Fonterra's interim CEO admits performance must improve as $196 million loss announced today

New Zealand dairy giant Fonterra has just announced a massive $196 million net loss, after tax.

The Fiscal Year 2018 results come after a tumultuous year for the company that saw CEO Theo Spierings announce his resignation in March and chairman John Wilson step down after a health scare in July.

Interim CEO Miles Hurrell, who was appointed last month, said of the results that the co-operative's business performance must improve.

"There's no two ways about it, these results don't meet the standards we need to live up to," he said in a statement announcing the loss. "We needed to deliver an outstanding third and fourth quarter, after an extremely strong second quarter for sales and earnings - but that didn't happen."

The company's woes over the past year have also included a $232 million payment to French food giant Danone following years of legal wrangling over the 2013 botulism scare. The international arbitration tribunal decision last December first prompted Fonterra to cut its earnings forecast.

The botulism scare stemmed from Fonterra quarantining several batches of whey protein concentrate after there were concerns they could have been contaminated with clostridium bacteria.

Danone, then a buyer of Fonterra products, began a large-scale recall which they said cost about $610 million, and ceased doing business with Fonterra. It was later confirmed there had been no food safety risk to the public.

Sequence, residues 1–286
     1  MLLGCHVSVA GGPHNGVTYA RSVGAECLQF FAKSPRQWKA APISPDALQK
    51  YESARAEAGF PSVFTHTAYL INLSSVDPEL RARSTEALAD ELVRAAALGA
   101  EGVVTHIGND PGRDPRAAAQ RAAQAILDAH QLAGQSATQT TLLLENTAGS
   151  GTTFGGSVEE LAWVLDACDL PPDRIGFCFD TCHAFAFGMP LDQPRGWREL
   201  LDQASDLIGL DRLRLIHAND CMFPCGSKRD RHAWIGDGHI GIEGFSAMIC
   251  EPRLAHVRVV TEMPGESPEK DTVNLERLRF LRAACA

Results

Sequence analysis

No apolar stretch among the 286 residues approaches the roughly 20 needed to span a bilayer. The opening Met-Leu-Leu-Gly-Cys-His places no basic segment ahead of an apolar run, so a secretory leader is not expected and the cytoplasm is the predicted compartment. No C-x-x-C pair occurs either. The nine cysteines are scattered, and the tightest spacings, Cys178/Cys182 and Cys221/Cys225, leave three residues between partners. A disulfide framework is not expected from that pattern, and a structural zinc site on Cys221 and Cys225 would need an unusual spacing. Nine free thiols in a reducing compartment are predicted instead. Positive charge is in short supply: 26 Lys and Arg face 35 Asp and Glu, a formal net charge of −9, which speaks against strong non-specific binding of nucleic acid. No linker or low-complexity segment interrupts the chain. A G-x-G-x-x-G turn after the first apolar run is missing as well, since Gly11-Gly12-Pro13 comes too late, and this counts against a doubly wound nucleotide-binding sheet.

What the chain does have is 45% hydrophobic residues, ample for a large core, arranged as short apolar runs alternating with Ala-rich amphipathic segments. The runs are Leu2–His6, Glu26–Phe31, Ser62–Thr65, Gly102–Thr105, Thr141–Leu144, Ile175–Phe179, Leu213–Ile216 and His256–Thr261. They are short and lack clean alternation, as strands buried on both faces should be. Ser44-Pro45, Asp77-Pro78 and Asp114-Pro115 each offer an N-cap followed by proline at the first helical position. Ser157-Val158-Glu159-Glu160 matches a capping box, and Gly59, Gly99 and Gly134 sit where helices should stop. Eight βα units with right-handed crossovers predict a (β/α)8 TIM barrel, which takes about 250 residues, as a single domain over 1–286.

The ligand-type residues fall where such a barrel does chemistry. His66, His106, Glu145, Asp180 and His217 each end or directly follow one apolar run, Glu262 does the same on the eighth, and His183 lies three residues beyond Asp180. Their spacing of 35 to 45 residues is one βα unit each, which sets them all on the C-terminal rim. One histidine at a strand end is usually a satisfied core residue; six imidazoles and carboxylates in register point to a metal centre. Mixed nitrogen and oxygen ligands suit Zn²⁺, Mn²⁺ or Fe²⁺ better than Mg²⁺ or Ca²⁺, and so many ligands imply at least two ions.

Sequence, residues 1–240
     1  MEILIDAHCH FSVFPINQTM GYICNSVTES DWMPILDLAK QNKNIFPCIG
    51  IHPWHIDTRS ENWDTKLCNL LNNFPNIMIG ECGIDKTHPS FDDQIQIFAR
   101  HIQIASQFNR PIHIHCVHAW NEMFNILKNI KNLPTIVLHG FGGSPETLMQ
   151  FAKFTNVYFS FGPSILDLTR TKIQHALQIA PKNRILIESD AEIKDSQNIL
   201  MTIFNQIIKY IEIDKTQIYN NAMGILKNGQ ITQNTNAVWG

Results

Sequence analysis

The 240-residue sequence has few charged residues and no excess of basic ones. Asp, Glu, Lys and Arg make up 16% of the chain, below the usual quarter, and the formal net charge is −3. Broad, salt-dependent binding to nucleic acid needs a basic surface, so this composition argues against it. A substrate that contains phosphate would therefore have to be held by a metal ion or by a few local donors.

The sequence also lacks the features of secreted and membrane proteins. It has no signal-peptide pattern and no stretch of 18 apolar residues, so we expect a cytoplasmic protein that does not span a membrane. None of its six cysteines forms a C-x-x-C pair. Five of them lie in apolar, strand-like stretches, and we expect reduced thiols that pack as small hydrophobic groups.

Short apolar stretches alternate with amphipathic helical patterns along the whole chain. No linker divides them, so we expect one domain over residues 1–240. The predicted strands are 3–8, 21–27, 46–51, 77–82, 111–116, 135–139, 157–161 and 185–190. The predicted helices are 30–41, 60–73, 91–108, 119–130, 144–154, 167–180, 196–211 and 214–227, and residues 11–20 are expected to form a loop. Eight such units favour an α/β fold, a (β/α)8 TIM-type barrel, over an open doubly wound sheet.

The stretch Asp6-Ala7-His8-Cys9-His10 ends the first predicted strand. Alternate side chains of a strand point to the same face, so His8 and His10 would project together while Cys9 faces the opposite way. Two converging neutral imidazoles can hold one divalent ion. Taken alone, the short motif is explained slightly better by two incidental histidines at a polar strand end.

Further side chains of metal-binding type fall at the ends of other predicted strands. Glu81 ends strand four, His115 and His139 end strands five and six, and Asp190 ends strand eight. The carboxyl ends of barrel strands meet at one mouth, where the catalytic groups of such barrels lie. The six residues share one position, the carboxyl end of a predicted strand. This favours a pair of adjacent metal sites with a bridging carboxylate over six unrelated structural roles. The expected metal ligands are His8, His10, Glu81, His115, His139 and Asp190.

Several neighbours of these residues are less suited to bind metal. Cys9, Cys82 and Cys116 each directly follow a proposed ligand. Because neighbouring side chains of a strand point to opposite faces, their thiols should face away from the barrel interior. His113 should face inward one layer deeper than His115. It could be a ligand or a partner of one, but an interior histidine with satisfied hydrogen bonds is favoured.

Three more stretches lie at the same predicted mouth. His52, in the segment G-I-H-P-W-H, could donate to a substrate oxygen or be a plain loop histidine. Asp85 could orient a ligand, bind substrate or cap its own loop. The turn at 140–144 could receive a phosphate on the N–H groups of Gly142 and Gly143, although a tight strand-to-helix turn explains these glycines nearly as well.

"We have learned from this experience and as a result have made improvements to our escalation, product traceability and recall processes, and incident management systems," Mr Spierings said in December.

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"Fonterra is in a strong financial position and is able to meet the recall costs," he added.

Mr Hurrell said today that there were four other reasons, in addition to the Danone decision, for the gloomy year-end results. The company's forecasting was "too optimistic", butter prices remained higher than anticipated, there were increased operating costs in some parts of the business and the company was hurt by an increase in the forecast Farmgate Milk Price late in the season, he explained.   

However, the silver lining of the report today was the business' performance in China, Mr Hurrell said.

"Of particular note, our Consumer business in China broke even this year, two years ahead of schedule," he said. "A big contributor to this success is the popularity of Anchor, which is now the number one brand of imported UHT milk in both online and offline sales in China."